Bubba’s so gentle, he’ll lay his head in your lap. But he didn’t much like the vibration and rocking pressure created by the wire sawing back and forth alongside his snout. After a small dose of fast-acting anesthetic, Bubba was again asleep. The vet removed about three inches of tusk on each side. No easy task: It took two people to lift his massive head a few inches off the ground, so that the vet could achieve the proper angle with the wire. The procedure took about 20 minutes. Bubba was awake again in no time.

Wild boar tusks have played a significant role in some indigenous cultures where they were used to trade and to make ceremonial helmets, masks and jewelry. Tusks are still used as a form of currency on Vanuatu‘s remote Pentecost Island northeast of Australia. Not Bubba’s tusk tips. They’ve joined the ranch’s collection of farm and nature finds – bird nests, egg shells, interesting rocks and unusual twigs. And Bubba is back with his Berkshire sows, Lucy, Moxy and Jetsy.

The vet clipped off a few inches of Bubba’s too-long tusks. In the wild, tusks can reach several inches in length and an inch in diameter. They offer boars protection from predators and other boars that covet their sows. Photo by Adam Sherman.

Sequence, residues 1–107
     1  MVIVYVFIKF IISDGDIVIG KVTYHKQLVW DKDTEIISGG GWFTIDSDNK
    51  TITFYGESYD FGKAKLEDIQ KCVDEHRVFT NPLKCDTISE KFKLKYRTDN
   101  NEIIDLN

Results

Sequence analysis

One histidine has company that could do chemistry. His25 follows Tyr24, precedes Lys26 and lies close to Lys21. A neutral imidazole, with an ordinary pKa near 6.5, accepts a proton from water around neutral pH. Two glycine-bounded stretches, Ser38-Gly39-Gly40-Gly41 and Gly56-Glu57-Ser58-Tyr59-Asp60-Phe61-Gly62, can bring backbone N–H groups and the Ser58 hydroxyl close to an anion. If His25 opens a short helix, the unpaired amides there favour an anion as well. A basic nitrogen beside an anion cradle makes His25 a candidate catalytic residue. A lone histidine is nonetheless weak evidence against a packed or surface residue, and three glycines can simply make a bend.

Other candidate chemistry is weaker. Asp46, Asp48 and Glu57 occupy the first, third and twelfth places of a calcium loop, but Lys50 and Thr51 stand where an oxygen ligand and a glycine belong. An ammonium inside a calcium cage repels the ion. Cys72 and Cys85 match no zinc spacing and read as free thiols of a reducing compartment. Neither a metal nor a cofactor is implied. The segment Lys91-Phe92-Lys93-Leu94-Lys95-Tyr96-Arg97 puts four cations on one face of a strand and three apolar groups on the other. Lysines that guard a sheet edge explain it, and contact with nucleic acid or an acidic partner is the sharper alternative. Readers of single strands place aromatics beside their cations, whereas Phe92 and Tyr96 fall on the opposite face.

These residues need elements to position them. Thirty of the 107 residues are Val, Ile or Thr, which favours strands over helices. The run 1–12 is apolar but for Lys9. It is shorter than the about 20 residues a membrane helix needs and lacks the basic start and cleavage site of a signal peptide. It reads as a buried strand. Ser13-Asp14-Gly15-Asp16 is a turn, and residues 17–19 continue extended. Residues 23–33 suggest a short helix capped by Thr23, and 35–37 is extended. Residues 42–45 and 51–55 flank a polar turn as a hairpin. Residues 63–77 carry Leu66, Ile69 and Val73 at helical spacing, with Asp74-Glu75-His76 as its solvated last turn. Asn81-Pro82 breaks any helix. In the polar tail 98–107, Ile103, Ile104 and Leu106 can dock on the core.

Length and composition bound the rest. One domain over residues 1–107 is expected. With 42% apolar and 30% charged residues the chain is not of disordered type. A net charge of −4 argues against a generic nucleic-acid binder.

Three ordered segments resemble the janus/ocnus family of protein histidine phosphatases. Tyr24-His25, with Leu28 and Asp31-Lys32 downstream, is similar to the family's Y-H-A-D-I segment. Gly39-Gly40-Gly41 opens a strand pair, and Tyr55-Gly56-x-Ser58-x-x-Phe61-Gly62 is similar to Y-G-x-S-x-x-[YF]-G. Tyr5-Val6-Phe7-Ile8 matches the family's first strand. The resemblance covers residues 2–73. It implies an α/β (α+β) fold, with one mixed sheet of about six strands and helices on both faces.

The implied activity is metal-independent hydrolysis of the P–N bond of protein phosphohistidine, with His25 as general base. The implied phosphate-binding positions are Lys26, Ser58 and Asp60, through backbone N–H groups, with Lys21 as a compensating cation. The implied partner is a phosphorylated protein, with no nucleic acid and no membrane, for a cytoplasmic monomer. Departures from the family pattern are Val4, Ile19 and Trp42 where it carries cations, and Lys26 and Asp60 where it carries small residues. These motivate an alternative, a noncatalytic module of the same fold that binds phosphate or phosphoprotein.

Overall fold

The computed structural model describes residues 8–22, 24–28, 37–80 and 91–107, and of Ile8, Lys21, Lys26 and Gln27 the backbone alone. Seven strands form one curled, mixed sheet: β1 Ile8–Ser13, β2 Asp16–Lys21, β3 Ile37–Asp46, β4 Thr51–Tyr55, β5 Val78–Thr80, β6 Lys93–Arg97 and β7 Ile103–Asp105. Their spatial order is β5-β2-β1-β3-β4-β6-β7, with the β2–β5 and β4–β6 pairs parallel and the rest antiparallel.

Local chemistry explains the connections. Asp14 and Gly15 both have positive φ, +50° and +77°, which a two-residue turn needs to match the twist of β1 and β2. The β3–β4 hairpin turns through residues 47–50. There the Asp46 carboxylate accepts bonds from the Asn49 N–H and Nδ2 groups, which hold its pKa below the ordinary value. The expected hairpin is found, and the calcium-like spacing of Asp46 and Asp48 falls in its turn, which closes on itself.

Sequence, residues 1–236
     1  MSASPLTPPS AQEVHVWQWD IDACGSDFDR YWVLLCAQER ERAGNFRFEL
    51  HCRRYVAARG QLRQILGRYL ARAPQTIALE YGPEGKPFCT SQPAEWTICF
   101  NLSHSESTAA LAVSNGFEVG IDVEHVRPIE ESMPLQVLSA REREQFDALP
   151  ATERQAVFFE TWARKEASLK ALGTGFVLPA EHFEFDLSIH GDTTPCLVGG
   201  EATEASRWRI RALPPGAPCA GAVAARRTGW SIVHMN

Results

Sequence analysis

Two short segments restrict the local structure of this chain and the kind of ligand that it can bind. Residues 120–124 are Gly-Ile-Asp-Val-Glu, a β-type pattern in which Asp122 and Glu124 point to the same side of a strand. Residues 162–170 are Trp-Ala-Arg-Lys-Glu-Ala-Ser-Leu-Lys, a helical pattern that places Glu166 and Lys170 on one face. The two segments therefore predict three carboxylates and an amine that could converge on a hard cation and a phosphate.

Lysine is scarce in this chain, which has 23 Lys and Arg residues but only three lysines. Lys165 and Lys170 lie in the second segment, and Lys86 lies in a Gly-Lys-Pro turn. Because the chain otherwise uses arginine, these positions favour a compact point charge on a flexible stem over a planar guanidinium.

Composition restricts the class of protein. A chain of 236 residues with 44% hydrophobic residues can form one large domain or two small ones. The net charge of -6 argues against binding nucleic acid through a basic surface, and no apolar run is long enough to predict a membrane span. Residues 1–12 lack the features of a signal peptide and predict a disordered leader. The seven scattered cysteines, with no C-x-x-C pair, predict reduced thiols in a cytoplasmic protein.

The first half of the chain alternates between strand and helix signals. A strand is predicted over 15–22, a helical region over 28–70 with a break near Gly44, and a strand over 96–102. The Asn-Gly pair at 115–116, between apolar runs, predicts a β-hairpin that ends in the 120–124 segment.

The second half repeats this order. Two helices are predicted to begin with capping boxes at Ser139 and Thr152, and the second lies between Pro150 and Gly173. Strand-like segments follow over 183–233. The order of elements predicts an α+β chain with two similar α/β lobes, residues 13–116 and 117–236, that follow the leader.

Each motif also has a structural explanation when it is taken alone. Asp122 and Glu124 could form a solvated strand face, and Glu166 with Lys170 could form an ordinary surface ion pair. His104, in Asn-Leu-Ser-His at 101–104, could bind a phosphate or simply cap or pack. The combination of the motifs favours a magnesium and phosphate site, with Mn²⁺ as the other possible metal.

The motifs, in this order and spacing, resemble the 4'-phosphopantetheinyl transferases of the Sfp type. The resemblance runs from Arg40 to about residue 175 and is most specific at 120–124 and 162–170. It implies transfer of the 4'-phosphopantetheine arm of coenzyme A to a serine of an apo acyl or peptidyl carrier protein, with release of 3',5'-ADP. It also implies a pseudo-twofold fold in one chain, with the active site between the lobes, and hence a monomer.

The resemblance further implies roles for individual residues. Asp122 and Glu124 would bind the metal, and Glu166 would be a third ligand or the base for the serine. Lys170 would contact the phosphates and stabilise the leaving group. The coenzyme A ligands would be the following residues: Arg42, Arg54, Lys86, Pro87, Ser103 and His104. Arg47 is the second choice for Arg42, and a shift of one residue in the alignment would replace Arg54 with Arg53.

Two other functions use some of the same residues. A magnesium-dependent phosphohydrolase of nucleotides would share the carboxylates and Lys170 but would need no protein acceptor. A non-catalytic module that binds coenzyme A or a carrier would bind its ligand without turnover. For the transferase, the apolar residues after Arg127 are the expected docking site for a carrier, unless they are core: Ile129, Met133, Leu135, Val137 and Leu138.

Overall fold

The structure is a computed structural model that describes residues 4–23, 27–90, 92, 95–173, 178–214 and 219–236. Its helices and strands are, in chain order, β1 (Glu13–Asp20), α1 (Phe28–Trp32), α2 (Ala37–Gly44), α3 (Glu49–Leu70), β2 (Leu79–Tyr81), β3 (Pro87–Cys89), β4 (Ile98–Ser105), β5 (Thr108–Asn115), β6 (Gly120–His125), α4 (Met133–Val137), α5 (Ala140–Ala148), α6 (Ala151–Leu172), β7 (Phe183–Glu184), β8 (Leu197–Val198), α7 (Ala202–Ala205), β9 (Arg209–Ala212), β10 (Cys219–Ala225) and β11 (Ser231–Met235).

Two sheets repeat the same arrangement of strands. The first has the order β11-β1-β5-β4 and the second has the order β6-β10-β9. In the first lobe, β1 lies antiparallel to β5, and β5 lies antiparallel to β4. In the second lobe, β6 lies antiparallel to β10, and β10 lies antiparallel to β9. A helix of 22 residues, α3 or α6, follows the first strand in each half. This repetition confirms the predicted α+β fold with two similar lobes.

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We’ve launched a series of seasonal greeting cards for animal lovers.

The inaugural set of four represents “summer,” because it is such an extra-special time in the country. It’s a blessing to see so many quickly growing newborn farm and wild animals — as well as crops — at every turn in the road. We thought you might enjoy sharing some of our memorable warm-weather moments with the animals.

Click on the “Free Offers for Animal Lovers”  link to the right, https://animalsoureverything.wordpress.com/greeting-cards/. Download and print a card(s), then send it to a friend.

We tend to think that in the swirl of email news and greetings we’ve grown accustomed to, finding a greeting card in the actual mailbox might just be a welcome surprise.

Thanks! And remember, all four cards are yours at no cost and without obligation.